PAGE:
Table 3 Barriers to surgery among participants who did not have surgery within the study period

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Lack of finances was the major factor responsible for the delay in 95 (51.4%) of participants who eventually had surgery. Manageable vision at the time of diagnosis (28, 15.1%), diagnosis of immature cataracts (25, 13.5%), and fear of surgical outcome (23, 12.4%) were other reasons for the delay in cataract surgical uptake [Table 4].
Table 4 Barriers to prompt uptake of surgery (surgery >1 week of counseling and clinical decision to provide surgery)

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In this study, women were 1.5 times more likely to have surgery more than men. In addition, more women had surgery during the study period than men, that is, 118 (64.5%):116 (53.5%) [Table 5].
Table 5 Relationship between sexes and having cataract surgery

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Although more participants lived greater than 4 km from the hospital (73.5%), distance played limited/no role in determining respondent’s uptake of cataract surgery [Table 6].
Table 6 Distance of participants from the hospital

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Participants who had no or little formal education (136, 62.1%) accessed surgery more during the study period. There was no statistically significant relationship between the level of education and accessing surgery (X2 = 0.330). Trend analysis revealed no relationship between the groups (X2 for trend = 1.728) [Table 7].
Table 7 Relationship between educational level and accepting surgery

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  Discussion Top


This study set out to identify the various reasons why cataract surgical uptake in the ISTH was low and involved presenting patients over 3 months. There were more males than females in this study (1.2:1) but more females (64.5% of females) had cataract surgery than males (46.6% of males). This contrasts with other studies which reported a lower prevalence of cataract surgical uptake among females[16],[17],[18],[19] citing gender inequalities as a significant barrier to cataract surgery. The difference noted in our study may be because the female population in this present study area are more economically and socially empowered to make decisions with regards to their health status compared to the study group in the other reports.

A large percentage of respondents (53%) knew that surgery was the treatment for cataract; however, 45% of respondents ended up not having surgery within the study period which describes a disconnect between the knowledge of treatment for cataract and the willingness to have such treatment. This is surprising as knowledge of services usually translates to utilizing these services.[20] Hence, other factors, therefore, play a huge role in the uptake of cataract surgical services. Prevalent among all respondents was the fear of poor surgical outcome and was responsible for a great number of participants refusal to have surgery. The outcome is important as people with good outcome following surgery play a role in motivating other people to access surgery.[17],[21] Economic constraint also played a major role in accepting surgery in all groups and closely mirrored the outcome barrier. For patients who had delayed surgery, economic concerns were more prevalent (51.4%) and were a recurring theme in many studies. For example, Rabiu et al.[7] reported that 64% of respondents who wanted to have surgery could not afford to, whereas Oluleye[14] also reported that cost was a hindrance to 52.8% of respondents in a study carried out in three communities of Oyo State. Reducing the cost of cataract surgery and/or providing free cataract surgical services where feasible have been shown to improve uptake. Ukpomwan et al.[22] reported an increase in the number of surgeries at the University of Benin Teaching Hospital following the reduction in the price of cataract surgery and Ajibode et al.[10] at the Onabisi Onabanjo University Teaching Hospital reported better cataract surgery uptake among people who had good personal income. Another form of cost which played a role in determining uptake was the unavailability of escorts. About 32% and 8% of participants who did not have surgery or had delayed surgeries, respectively, were because they had no escorts at the time. Escorts were majorly relatives who had to leave their jobs/sources of income or children who were on holidays. These “secondary loss” of income or study time contributes to additional costs of cataract surgery[24] and attempts at reducing these losses have improved uptake of cataract surgery.[24],[25]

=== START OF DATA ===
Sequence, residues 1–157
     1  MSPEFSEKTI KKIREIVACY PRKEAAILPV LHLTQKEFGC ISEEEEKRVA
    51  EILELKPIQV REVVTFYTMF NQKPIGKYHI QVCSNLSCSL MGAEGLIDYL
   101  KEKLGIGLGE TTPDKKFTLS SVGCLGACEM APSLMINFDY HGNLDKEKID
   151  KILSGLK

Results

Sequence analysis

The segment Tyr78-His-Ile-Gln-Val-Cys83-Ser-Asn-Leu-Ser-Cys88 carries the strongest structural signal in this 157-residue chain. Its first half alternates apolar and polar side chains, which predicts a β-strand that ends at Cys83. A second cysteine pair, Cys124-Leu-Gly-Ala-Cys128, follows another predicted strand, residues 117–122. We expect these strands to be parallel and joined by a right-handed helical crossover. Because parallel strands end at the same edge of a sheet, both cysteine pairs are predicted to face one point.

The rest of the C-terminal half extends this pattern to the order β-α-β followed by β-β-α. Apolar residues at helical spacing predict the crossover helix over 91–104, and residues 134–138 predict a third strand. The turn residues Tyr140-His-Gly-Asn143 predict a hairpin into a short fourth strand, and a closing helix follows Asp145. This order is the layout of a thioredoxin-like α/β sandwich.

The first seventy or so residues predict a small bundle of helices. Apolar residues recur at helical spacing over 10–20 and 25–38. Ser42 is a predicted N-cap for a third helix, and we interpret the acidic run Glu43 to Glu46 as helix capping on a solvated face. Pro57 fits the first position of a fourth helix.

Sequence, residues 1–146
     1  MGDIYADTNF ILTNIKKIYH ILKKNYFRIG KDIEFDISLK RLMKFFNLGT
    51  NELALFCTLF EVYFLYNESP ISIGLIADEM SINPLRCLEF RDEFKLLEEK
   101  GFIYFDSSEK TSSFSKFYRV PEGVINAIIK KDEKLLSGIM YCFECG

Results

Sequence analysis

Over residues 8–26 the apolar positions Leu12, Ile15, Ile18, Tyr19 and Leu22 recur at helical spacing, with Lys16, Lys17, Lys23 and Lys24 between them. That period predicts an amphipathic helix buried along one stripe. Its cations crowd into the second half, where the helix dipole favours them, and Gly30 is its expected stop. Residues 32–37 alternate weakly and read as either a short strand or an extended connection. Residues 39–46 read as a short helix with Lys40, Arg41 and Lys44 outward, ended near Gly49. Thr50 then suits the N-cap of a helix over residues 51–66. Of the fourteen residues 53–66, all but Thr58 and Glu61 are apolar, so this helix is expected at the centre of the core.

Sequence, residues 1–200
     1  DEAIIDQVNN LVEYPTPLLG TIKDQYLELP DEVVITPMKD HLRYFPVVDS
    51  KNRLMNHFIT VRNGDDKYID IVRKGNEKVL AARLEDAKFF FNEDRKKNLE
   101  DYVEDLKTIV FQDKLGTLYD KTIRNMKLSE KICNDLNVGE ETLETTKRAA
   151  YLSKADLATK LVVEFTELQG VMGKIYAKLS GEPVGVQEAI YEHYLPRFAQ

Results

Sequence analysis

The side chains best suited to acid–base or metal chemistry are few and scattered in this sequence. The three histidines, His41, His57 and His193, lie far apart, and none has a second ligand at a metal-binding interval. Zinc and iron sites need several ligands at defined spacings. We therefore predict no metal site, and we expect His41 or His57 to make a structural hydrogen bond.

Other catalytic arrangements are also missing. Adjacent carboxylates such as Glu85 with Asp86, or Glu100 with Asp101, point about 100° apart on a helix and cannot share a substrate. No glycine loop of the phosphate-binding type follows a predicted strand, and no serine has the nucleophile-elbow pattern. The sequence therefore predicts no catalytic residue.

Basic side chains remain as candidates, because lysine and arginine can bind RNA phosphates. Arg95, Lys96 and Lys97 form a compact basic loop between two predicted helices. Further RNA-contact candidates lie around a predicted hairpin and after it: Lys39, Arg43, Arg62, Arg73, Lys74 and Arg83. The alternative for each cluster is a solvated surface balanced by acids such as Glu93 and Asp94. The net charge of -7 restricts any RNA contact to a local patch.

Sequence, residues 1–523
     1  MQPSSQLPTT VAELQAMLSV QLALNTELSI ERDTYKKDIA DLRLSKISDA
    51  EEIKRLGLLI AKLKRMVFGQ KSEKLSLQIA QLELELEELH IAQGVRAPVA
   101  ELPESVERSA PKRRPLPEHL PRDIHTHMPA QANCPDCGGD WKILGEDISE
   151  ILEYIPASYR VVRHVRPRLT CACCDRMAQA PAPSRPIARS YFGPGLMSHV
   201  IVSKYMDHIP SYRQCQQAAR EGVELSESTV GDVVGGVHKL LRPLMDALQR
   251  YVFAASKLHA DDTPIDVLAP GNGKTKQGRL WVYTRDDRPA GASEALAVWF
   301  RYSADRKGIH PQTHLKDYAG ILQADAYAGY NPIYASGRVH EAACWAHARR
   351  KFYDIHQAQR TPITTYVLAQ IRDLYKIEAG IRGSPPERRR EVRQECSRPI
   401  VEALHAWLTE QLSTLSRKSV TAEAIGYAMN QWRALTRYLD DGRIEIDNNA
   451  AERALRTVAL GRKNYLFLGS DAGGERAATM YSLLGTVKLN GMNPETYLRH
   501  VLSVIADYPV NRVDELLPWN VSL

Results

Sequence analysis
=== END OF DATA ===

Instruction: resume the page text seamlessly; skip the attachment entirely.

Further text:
Cataract surgery uptake was more among respondents who had no or little formal education (59.5%). This may be because more respondents had little or no formal education among the study population or they came when the cataract was severe enough to cause a significant reduction in vision and thus were more likely to accept surgery.

Distance to the health facility was not a barrier in this study as more patients who lived more than 4 km had surgery compared to those who lived closer to the hospital. This is in contrast with the report by Oluleye[14] in his study among communities in Oyo State where 33.8% of respondents could not have cataract surgery because of the distance of their place of abode to the hospital. The effect of distance may have been negated by the central location of the hospital and a relatively good road network leading to the hospital.